I was writing an article for Radia magazine on the exhibition Aware: Art Fashion Identity, showing at the Royal Academy of Art, and it made me think about the lies we tell with the clothes we wear.

The clothes in the exhibition tell tales of grief and loss, nationalism, migration, an artist's journey to make a piece of art, and the journey of a piece of clothing as it decays over time. Fewer exhibits, though, uncover the role of clothing in hiding, masking, disguising identity, in mingling with the crowd, in telling lies. We choose clothes not only to express and to stand out, but also to not stand out. When we want to be 'different,' we do it in tediously unoriginal ways, we choose out of the acceptably chic in-season options concocted by Vogue and marked down by Primark. We use clothing to hide cultural affiliations, class belonging, an expanding bottom, a disastrous trip to Supercuts, unshaved legs, one too many G and T's the previous night, the wrong accent, unwashed hair, evening plans or lack thereof, feelings of inadequacy, and a suntan gone horribly, horribly wrong...

Denim jeans have to be one of the biggest inventions of the post-industrial revolution era. And jeans hide a multitude of sins. When Jacob Davis and Levi Strauss first came out with denim jeans in 1873, I bet they weren't thinking that it would be the one article of clothing that would be worn by everyone from the future king and queen of England (I mean William and Kate, not Charles and Camilla, or David and Posh), to a drunken miner in Wales emerging from the local public house and staggering over to spend the night with the village sheep before they sacrifice their coat for angora, to little Ayesha performing a Bollywood recital for the Miss Asian-Leicester beauty pageant. I would even say, if I didn't mind sounding maudlin, that despite the gargantuan different in price between various labels, denim jeans must be the one consumer product that levels the playing field, homogenizes the classes. It's like the public house of the clothing world. It's the community-unifying national environmental disaster of the fashion arena. It's like football, or fish and chips, or Christmas.

One of the exhibits in Aware, called 100 Ways to Wear a Flag, by Alicia Framis, shows the Chinese flag worn in sixteen different ways, as a skirt, a toga, a sarong, a hat. I don't know about you, but to me no matter how many different ways you wear it, you can't escape it - it is still the Chinese flag. (I mean, you can make a McBurger look like food, but it's still a McBurger, right?) It may sometimes be about spectacular Olympic engineering, but the flag is also about coercion, colonialism, and brutal homogenization.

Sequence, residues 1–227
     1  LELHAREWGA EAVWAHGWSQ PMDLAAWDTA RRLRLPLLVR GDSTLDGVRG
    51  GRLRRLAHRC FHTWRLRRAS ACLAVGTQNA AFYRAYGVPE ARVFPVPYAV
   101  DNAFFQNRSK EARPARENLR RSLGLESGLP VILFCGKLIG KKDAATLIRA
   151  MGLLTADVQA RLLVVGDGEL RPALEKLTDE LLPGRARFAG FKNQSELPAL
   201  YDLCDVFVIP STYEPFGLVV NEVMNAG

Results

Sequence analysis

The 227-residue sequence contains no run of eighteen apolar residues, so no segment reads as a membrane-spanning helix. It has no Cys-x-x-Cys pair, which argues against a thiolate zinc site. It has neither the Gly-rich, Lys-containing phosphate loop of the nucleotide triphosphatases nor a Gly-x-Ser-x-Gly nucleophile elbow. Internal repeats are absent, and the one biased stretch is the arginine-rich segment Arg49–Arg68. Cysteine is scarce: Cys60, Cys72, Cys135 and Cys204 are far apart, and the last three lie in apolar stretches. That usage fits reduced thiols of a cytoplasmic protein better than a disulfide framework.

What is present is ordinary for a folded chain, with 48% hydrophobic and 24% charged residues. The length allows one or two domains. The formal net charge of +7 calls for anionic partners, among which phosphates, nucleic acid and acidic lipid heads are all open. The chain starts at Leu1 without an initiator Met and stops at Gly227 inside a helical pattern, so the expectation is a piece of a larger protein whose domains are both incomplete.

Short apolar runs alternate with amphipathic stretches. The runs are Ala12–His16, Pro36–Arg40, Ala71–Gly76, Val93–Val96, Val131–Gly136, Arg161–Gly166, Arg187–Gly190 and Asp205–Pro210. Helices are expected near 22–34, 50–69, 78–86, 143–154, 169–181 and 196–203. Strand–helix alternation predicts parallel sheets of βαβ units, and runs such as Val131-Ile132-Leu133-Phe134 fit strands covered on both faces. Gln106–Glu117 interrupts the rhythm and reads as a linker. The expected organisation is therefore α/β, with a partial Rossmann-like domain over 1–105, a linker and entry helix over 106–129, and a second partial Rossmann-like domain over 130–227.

Talking of colonialism and globalization, Yinka Shonibare's Little Rich Girls is a collection of dresses for girls, in traditional African colourful batik. The history and migration of batik, though, as Shonibare will remind you, is complex. While batik has a rich past in countries like Indonesia and India, history suggests that it was Dutch colonizers that contributed to the movement of batik from South Asia, through Europe where it didn't find enough of a market, all the way to the Yoruba in Nigeria. Who knew...
Gillian Wearing's Sixty Minute Silence is a video of what looks like a standard-issue group photograph of a police precinct. Bobbies stand and sit in dignified silence for a group picture, but gradually they start to fidget, scowl, yawn and scratch, revealing individual personalities.

We wear uniforms all the time, everyday - school uniforms, policeman's blues, doctor's coats, military fatigues, black suits worn by 99.9% of the people that get off at Canary Wharf in morning rush hour, goths, people in clubs doing their ninth tequila shot, Christmas shoppers with prams in their beige skirts and gray woollies, PTA mums, can-can dancers, MSN Lifestyle fashion-advice wearers... We make judgements of the 'right' kind of clothing to wear, and most of us who choose to live in society shudder in shame at the memory of turning up to the right event in the wrong gear (and wet dreams about carrying it off and being the ONLY person in the gig dressed EXACTLY right, thereby setting overnight fashion trends and making history).

Do we choose clothing that expresses our inner truth, or just stuff that says I'm normal and I'm not fat...?

Wednesday, 1 December 2010

the thing about oslo...

Having spent two weeks in Oslo recently, performing and teaching dance workshops, I couldn't help but compare the city to London. Here are some points of comparison...